According to new research RIM's Blackberry could harm your health if you have sensitive skin.
They are two key players in the smartphone industry, but if you are prone to allergies choosing between a Blackberry and an iPhone could be a health decision.
People with sensitive skin should avoid using BlackBerry devices, new research has claimed.
According to scientists at the American College of Allergy, Asthma and Immunology(ACAAI), the smartphones created by Canadian Manufacturer, Research in Motion (RIM), contains harsh chemicals that can be harmful to its users.
After testing the buttons, keypad, speakers, camera and metal panels of a selection of phones including iPhones or Android handsets, expert's discovered that some of the BlackBerry phones contained a dangerous amount of nickel and cobalt. The two metals can bring those with sensitive skin out in a rash.
Dr Tania Mucci, who presented the finding, said: "'Both metals can cause an allergic reaction including dry, itchy patches along the cheekbones, jawline and ears.'"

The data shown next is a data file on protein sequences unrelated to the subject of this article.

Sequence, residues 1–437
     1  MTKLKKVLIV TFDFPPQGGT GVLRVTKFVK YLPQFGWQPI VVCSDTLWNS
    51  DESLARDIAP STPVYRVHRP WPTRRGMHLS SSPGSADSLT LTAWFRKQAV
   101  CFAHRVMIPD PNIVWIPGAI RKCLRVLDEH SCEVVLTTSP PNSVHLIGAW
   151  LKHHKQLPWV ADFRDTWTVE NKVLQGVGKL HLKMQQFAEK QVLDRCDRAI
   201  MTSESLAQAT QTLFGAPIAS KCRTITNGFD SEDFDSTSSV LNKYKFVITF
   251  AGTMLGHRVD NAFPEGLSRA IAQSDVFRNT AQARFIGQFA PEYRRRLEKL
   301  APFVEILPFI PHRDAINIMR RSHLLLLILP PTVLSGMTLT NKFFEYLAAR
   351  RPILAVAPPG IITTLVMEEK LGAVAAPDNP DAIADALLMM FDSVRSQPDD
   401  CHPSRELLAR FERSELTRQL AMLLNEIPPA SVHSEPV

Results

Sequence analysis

While a third of BlackBerrys tested contained nickel, neither metal was present in the iPhones and Android devices.
Skin doctors are now warning those with BlackBerry users with nickel sensitivities to shorten their calls and reduce text messaging.
"Patients with nickel and cobalt allergies should consider using iPhones to reduce the chance of having an allergic reaction," said allergist Dr Luz Fonacier.
"BlackBerry users with known allergies should avoid prolonged conversations, text messaging and handling their phones if they begin noticing symptoms."
A nickel allergy is the most popular contact allergy in the UK, with 30 per cent of the population affected by it.
The silvery-white metal is used because of its resistance to corrosion.
A Blackberry spokesperson told the Daily Mail: "Allergic reactions to nickel occur if it is found on the outside of a phone.
"We test our phones against EU test protocol EN 1811 and have found no nickel exposure on the exterior surface of newly purchased BlackBerry smartphones."
To contact the editor, e-mail: